What Losing My Wallet Taught Me
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When under pressure, I have found that everyone reveals certain behaviors without being able to control it, and often without noticing it. It's like the fight or flight enigma, the glass half full or half empty perspective, the have a total meltdown or keep your cool dilemma. I like to think that these impulsive behaviors aren't simply set in stone, that you can grow and change. However, even if you are lucky enough to change your impulsive reactions, I have also found that your initial instincts can never fully go away. They're embedded in your DNA. It's like your eye color, or hair color, or even your handedness. You can try to change it, and sometimes it may work, but at some point your dark roots are going to grow out, and your highlights won't always look good. I started thinking about all of this when I lost my wallet a few days ago.

When I was a sophomore in high school, my sister and I impulsively decided to go shopping at Gap. We put our little knock-off wristlets on a counter, and bent over to try on shoes. When we stood back up our wallets had vanished, the defenseless little things were carried off by some mean ladies that apparently like stealing from oblivious teenage girls. My sister cried, I whispered profanities, and we had to do the most embarrassing thing of all and ask the Gap workers if anyone had turned in two wallets. Watching them shake their heads no with nothing but pity in their eyes, was like a punch to the stomach. My sister and I sulked home, wrote a song about our misfortunes, and became cynical obsessive people who will forever assume that the person next to you is plotting to steal your phone. For years I clutched my belongings like a winning lottery ticket, I scolded my friends for turning away from their purses, and warned everyone about how horrible it is to get your wallet stolen. So when I checked my purse for my lipstick, keys, and wallet before going shopping with my sister a few days ago, you can imagine my furious panic when I couldn't find my wallet.

I've never been black Friday shopping, but I imagine I would look something like how I did running through my house, to my car, dumping out bags, throwing pillows, falling to the floor to search under beds and couches before springing back up to repeat the cycle. This was my initial reaction - moving so fast I got a side stitch, accepting help from no one, and unable to even verbalize the issue. I let anxiety and panic scoop me up and take me for a sickening spin. When my mom and sister asked what I was doing I couldn't even look at them, I was too afraid that I would see the same pity I saw in the Gap workers eyes four years ago. When minutes turned into hours, retracing my steps created circles, calling everywhere I had been or thought about going in the last 24 hours resulted in a symphony of no's, I concluded that I must have done what I swore I'd never do again, and left my wallet on a bench by a fountain where I had eaten ice cream. I left it there and someone took it. My credit card, license, target card, small cute polaroid picture, 25$ cash, and a half punched lucky lab discount card, had been lost forever.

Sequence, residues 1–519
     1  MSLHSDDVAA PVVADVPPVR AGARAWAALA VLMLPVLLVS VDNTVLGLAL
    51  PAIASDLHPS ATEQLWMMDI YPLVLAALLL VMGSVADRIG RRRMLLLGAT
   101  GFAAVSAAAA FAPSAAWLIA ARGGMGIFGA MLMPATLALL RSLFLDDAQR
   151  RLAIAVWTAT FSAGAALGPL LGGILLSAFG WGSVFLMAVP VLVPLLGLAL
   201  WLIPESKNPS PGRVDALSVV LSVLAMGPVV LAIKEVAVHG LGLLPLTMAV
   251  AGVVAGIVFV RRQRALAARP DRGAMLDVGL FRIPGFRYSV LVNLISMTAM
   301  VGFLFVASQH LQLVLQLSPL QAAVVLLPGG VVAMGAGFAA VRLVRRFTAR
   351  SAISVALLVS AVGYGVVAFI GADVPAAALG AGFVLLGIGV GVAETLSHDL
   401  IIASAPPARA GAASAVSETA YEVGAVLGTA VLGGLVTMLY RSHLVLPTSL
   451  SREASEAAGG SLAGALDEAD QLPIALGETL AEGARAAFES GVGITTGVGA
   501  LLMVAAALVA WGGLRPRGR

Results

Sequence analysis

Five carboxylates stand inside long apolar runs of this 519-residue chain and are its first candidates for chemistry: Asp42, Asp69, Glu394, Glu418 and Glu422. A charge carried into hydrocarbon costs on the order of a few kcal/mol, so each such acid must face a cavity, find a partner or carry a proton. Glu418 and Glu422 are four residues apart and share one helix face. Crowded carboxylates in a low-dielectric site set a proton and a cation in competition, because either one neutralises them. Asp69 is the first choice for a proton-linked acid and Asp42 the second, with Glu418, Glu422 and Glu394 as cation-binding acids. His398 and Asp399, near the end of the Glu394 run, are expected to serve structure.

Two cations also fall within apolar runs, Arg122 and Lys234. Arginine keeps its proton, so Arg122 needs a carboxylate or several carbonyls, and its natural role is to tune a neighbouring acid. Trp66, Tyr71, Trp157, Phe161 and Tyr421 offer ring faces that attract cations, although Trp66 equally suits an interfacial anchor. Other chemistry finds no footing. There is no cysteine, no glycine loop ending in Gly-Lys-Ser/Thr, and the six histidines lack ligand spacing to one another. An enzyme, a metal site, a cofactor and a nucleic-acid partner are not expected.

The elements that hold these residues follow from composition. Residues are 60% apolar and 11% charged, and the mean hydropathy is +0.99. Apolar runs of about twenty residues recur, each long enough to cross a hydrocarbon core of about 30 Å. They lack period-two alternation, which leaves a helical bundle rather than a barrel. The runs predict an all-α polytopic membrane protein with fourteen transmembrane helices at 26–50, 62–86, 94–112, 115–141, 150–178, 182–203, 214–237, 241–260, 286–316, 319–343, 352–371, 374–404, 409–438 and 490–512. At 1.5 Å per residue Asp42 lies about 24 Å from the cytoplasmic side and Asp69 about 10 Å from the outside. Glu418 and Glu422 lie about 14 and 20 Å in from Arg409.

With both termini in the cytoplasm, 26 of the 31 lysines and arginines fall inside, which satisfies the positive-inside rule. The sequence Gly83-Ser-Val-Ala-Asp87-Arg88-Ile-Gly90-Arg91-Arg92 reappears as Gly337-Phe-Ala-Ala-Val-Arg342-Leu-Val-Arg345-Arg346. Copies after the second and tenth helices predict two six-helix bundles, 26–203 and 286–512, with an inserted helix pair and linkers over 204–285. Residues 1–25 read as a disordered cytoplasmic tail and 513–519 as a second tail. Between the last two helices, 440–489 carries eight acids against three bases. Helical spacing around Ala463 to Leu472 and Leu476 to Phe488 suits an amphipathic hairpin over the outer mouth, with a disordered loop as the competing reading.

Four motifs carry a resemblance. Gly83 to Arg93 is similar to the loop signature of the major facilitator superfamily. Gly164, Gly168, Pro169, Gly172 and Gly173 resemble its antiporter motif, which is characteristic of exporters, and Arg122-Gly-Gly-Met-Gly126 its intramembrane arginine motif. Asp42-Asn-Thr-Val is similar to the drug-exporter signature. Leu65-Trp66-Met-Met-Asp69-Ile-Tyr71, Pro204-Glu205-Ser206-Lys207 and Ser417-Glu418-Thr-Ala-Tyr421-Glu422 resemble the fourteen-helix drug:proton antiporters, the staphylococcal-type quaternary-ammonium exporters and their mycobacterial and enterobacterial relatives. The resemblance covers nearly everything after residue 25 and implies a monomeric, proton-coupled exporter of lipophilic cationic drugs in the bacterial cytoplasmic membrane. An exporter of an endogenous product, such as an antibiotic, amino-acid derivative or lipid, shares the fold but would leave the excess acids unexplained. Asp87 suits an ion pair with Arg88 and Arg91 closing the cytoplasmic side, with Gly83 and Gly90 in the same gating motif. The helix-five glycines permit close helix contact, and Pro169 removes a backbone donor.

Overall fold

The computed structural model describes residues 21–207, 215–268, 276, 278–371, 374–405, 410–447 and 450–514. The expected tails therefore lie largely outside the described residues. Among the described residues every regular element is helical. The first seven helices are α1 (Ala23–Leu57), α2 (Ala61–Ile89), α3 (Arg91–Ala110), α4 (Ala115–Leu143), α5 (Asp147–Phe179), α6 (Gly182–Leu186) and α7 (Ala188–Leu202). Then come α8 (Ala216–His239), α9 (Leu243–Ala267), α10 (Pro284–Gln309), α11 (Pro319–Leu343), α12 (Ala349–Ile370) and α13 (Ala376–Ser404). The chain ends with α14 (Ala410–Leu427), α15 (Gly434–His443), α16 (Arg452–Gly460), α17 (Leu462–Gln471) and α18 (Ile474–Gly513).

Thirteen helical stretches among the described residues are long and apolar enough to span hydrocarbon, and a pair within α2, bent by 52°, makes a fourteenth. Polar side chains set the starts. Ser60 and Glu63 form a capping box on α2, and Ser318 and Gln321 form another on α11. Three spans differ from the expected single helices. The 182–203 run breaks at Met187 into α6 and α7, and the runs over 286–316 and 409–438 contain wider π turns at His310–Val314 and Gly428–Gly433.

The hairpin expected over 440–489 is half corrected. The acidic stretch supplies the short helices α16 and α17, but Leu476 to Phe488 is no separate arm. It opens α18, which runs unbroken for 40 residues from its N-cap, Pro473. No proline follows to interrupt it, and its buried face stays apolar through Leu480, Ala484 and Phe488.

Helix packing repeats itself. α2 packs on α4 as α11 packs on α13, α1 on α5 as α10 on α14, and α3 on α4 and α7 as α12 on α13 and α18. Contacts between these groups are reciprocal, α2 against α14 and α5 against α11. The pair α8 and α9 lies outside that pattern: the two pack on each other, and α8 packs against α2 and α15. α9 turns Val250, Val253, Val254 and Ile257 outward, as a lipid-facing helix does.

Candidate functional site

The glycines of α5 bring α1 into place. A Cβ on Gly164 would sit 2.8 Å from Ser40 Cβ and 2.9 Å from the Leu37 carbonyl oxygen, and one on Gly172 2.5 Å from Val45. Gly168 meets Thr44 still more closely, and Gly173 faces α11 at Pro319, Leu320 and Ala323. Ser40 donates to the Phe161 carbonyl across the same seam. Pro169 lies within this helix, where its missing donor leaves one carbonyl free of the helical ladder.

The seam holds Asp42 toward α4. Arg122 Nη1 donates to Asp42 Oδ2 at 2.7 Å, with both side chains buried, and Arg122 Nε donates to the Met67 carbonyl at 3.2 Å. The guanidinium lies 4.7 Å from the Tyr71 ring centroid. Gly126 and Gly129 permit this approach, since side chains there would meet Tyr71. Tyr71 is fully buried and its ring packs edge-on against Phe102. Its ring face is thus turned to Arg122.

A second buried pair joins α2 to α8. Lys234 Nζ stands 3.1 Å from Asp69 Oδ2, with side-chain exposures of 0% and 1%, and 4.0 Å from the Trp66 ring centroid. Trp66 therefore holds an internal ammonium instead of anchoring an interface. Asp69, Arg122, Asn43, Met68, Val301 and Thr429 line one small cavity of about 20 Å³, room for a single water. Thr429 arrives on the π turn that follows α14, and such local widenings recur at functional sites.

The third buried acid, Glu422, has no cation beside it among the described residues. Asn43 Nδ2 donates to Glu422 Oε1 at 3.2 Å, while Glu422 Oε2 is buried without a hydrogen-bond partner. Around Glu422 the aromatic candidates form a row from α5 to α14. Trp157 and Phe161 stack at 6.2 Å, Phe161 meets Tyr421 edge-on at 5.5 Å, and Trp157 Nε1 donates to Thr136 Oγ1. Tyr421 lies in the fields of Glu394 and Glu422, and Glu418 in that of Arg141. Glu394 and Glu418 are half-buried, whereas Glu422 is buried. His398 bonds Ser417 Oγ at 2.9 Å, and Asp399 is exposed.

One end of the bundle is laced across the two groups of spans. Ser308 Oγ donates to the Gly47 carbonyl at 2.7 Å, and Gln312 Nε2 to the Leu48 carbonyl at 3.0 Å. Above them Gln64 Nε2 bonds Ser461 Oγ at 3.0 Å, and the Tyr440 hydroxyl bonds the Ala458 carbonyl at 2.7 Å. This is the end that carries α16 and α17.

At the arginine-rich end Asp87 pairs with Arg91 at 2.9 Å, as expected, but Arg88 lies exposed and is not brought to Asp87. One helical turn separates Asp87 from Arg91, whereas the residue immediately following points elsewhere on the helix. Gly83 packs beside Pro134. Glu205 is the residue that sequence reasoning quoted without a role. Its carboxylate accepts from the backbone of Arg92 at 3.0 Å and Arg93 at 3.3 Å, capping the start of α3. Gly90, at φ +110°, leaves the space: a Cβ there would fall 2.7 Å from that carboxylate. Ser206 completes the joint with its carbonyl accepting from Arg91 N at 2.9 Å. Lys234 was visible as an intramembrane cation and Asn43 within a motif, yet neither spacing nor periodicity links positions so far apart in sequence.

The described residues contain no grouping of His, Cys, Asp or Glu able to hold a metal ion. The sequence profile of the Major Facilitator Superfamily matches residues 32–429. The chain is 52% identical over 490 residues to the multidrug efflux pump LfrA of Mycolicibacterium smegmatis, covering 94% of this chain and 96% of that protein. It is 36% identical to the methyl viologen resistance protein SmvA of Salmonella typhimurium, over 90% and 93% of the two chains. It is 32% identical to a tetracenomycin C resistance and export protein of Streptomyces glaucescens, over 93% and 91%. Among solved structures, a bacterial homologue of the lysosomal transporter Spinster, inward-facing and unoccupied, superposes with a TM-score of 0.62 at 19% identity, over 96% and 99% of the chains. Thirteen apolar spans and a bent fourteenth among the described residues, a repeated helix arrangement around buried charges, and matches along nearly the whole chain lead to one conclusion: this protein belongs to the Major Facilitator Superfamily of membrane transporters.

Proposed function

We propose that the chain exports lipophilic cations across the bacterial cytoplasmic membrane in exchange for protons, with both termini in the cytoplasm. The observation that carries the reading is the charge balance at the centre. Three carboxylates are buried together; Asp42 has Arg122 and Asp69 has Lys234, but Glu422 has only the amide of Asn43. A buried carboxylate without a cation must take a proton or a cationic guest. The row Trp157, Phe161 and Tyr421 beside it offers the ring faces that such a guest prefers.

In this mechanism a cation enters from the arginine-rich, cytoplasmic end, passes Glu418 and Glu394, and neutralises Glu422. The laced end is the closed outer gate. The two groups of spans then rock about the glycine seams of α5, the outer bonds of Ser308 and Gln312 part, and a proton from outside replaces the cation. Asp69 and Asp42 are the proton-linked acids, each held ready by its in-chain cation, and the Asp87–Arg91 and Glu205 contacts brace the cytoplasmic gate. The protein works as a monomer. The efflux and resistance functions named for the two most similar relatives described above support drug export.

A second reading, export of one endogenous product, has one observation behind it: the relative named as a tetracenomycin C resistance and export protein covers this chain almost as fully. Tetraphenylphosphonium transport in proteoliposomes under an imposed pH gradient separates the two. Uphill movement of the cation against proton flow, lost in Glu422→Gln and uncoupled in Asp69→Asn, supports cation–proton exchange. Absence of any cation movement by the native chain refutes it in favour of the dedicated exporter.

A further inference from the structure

I cried a little, yelled a lot, made a pouty face, moped around, and after a few hours of misery, I started thinking rationally about how to move forward. I turned off my debit card, cancelled my target card, and made plans to go to the DMV, otherwise known as hell. I spent days angry with myself, mad that whoever took my wallet didn't turn it in, and too embarrassed to ask anyone for help. That's when I realized my pattern of behavior. When something bad, hard, or sad happens, I often times mope, refrain from asking for help, and expect the worst. I put bad energy into the universe, and the cosmic powers spit it right back. But this time the world and humanity surprised me.

Day three of the pity party, walking around as a sarcastic shell of a person, I opened up my front door to see my beloved wallet at my feet. Apparently some kind soul, my guardian angel, a wonderful ice cream-eating patron, found my wallet, pulled out my ID and returned my belongings home (the 25$ cash was missing, but that is a fee I will gladly pay to avoid setting foot in the DMV).

I suppose saying my bad habits of negative initial reactions are behind me would be presumptuous, but I will say this happy ending to a sad story has changed me. Maybe I won't jump to negative conclusions from now on. Maybe I'll hold onto this little bit of faith, for a little while longer, at the very least.

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This article has not been reviewed by Odyssey HQ and solely reflects the ideas and opinions of the creator.

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